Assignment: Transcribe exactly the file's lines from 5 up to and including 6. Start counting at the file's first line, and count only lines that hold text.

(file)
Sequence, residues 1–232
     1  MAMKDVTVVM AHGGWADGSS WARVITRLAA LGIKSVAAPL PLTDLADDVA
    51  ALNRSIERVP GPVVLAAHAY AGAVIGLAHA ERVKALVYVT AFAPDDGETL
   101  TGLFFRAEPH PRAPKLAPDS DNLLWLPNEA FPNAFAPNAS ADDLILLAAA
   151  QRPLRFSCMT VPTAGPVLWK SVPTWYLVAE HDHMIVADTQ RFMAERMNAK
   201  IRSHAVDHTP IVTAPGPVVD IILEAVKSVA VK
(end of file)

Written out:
   151  QRPLRFSCMT VPTAGPVLWK SVPTWYLVAE HDHMIVADTQ RFMAERMNAK
   201  IRSHAVDHTP IVTAPGPVVD IILEAVKSVA VK